A designer is defined under Construction Design and Management (CDM) legislation as an organisation or individual whose work involves preparing or modifying designs for construction projects, or arranging for, or instructing others to do this.
Designers under CDM are currently defined as architects, consulting engineers and quantity surveyors, or anyone who specifies and alters designs as part of their work. They can also include others if they carry out design work, such as contractors or tradespeople e.g. an electrician who designs the layout and specification of an electrical installation or even commercial clients where they become actively involved in designing in relation to their project. The term design is so generic it has caused a barrier to the registration of title.
A designer has a strong influence, particularly during the very early planning and design stages of a project. Their decisions can affect the health and safety of not only those contractors and workers carrying out the construction work, but those who use, maintain, repair, clean, refurbish and eventually demolish a building. Decisions such as selecting materials or components of a building can avoid, reduce or control risks involved in constructing, maintaining and using it after it is built.
Designer duties apply on all projects, including:
Designer duties apply as soon as they are appointed and when designs which may be used for construction work are started. While most design work is carried out during the pre-construction phase of a project, it is not unusual for it to extend into the construction phase. A designer should agree their scope with whoever has appointed them. SBID recommend that a provision on a daily rate is included in the Letter of Appointment to cover the requirement through procurement of design under CDM regulations. This may sometimes be described as Project Management of the design.
A designer must be able to demonstrate they have the health and safety skills, knowledge and experience (SKE), and where they are an organisation, the organisational capability, to carry out the work they are being appointed for. The level of SKE required should be proportionate to the complexity of the project and the range and nature of the risks involved.
Examples of demonstrating SKE might include:
Examples of demonstrating organisational capability might involve:
Designers must make sure the client is aware of the client duties under CDM 2015 before starting any design work.
Designers must make sure the client is aware:
Provide design information to:
Working as a designer for a domestic client is no different to working for a commercial client in the initial basics, client care, dealing with client funds, and H&S legislation. However, the domestic client’s legal duties are normally taken on by the contractor (or the principal contractor on projects involving more than one contractor) and the designer must work to them as ‘client’ under CDM 2015.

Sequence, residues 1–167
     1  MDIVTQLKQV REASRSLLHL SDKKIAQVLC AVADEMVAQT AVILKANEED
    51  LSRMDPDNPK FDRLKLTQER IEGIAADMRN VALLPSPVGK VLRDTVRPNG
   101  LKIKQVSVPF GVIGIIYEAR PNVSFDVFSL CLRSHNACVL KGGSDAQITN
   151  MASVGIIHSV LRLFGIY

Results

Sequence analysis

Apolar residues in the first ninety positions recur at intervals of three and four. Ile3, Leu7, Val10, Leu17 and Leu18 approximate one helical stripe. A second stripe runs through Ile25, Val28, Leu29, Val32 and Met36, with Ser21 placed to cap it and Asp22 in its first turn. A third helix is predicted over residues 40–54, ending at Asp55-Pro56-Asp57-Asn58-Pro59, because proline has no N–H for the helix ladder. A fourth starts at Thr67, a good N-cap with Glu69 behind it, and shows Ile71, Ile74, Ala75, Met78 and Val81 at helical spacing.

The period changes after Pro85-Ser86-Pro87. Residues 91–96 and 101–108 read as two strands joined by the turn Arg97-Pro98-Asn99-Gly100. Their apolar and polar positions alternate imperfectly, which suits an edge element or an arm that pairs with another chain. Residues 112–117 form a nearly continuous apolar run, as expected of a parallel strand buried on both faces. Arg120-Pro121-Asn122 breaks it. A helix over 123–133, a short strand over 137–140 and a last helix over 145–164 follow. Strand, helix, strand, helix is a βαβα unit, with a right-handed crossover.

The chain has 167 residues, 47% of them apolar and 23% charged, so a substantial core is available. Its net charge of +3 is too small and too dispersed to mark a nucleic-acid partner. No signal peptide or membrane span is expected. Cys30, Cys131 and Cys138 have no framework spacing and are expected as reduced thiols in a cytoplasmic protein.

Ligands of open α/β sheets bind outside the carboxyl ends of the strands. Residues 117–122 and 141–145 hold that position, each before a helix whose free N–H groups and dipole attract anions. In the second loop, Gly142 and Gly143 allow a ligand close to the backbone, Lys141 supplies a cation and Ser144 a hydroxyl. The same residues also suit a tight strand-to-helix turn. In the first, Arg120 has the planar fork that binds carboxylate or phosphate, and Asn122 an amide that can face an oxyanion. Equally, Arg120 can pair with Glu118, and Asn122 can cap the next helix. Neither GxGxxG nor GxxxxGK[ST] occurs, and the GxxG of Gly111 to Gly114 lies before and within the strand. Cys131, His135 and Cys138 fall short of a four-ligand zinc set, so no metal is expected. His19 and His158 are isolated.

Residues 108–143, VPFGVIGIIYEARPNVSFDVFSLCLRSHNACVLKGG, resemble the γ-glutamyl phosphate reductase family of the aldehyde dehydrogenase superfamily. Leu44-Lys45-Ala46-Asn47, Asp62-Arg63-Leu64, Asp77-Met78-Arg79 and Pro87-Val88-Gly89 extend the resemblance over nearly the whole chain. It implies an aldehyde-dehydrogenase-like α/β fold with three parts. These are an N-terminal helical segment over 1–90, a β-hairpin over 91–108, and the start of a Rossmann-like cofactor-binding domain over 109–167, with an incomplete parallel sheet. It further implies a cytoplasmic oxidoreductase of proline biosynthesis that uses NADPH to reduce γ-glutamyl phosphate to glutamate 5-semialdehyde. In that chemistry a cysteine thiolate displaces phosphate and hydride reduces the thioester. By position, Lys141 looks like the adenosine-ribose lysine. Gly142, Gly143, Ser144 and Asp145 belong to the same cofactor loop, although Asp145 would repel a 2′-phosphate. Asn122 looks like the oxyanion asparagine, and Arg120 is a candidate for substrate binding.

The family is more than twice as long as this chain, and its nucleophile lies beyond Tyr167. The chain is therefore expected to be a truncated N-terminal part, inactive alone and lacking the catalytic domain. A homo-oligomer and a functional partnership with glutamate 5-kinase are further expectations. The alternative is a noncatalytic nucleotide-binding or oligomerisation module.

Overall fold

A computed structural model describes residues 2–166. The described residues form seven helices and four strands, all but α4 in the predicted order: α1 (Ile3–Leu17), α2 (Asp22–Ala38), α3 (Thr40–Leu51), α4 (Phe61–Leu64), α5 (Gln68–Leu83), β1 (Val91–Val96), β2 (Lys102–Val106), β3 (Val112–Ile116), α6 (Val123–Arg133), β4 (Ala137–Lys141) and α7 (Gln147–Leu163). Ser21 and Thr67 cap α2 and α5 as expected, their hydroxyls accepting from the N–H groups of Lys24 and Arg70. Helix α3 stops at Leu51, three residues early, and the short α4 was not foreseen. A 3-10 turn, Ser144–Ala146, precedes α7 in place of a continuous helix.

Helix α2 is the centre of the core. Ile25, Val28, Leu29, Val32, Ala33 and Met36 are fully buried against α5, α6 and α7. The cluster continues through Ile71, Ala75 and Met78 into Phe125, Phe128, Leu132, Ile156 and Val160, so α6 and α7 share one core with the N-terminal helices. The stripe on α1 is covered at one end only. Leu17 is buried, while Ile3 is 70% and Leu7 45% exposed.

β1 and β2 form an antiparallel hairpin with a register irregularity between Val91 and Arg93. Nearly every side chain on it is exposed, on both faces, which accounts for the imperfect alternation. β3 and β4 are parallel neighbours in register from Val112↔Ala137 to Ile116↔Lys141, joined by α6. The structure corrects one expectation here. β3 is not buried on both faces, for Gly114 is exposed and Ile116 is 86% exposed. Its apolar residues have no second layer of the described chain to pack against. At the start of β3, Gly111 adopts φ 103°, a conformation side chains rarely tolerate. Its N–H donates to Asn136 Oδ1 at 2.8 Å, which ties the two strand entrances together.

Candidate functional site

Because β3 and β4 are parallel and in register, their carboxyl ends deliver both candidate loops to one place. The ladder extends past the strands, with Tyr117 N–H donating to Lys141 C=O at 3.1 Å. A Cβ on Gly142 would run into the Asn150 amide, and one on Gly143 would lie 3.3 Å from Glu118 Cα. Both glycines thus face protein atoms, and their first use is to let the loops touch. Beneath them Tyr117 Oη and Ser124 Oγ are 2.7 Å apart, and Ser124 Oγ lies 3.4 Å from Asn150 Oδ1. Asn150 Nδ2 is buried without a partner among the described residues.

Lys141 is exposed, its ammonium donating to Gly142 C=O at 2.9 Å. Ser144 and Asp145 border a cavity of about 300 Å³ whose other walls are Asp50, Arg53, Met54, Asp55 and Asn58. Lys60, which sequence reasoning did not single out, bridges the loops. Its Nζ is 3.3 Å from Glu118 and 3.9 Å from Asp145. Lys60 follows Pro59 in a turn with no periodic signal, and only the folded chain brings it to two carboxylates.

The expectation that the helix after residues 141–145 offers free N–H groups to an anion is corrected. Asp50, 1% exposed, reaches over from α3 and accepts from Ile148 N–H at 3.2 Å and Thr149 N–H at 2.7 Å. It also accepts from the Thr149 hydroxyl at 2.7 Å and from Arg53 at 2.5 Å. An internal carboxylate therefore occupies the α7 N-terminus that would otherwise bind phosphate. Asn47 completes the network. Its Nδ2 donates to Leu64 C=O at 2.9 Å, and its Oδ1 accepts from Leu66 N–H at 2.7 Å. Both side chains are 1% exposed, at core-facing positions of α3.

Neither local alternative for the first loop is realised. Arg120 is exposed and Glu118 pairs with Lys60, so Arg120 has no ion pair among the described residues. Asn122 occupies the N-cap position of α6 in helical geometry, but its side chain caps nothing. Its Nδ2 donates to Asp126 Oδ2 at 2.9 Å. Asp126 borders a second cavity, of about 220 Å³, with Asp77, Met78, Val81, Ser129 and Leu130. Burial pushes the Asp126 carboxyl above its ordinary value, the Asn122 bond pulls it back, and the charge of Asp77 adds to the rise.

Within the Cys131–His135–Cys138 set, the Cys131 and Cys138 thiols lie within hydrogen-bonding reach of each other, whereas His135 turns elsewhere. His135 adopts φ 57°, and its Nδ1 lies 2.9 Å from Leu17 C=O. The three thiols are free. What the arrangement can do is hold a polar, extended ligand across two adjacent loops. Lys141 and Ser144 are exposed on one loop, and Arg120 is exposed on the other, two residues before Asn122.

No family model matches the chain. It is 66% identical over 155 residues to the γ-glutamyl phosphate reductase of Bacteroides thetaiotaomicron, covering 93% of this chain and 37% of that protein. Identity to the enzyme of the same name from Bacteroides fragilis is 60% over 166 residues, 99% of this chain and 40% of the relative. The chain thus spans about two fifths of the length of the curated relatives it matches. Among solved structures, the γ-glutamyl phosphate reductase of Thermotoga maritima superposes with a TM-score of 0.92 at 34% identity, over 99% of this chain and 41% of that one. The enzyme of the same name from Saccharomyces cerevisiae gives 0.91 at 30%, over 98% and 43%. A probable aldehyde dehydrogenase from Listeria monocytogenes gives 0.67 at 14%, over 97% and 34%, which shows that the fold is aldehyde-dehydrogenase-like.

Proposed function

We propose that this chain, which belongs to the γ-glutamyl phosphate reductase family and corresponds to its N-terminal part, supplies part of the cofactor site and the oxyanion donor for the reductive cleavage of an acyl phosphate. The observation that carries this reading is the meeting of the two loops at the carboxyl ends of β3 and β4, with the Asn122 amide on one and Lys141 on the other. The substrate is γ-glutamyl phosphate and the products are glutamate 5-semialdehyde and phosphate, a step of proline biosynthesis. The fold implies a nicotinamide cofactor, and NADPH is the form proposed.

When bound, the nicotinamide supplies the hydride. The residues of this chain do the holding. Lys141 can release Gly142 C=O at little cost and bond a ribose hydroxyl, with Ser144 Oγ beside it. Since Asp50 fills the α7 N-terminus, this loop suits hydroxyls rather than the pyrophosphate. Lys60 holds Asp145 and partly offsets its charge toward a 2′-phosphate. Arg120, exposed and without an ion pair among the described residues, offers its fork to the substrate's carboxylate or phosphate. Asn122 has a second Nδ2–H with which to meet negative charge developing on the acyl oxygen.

Alternatively, the domestic client can ask the principal designer to take on the client duties, although this must be confirmed in a written agreement. SBID recommends to its members and their clients that this instruction is formally appointed by both parties with an independent solicitor due to the legal implications and ongoing liabilities the appointment carries. Where the project involves more than one contractor and the domestic client does not appoint a principal designer, the role of the principal designer must be carried out by the designer in control of the pre-construction phase.
You have a common-law duty of care as an employee under your contract of employment. This means that you must exercise reasonable skill and care in your relationship with your employer and your colleagues.
In addition, the Health and Safety at Work Act 1974 (HASAWA) requires you to take reasonable care for the health and safety of yourself and other people at work. This extends to co-operating to enable the employer to fulfil its legal duty.
You must not interfere with or obstruct anything provided in the interests of health and safety at work.
An employee who is in breach of his or her duties (legal and general) under HASAWA may be liable to pay a fine on conviction. You may also be dismissed from employment for being in breach of a contractual duty to carry out work with proper care and skill – provided you were properly instructed about relevant safety measures and had been made aware that the interference could lead to dismissal.
Note: The content provided is general background information only, it should not be taken as legal or financial advice for any specific situation. SBID recommend you seek specific advice on your case from a solicitor. For further information please visit the HS Executive site: www.hse.gov.uk
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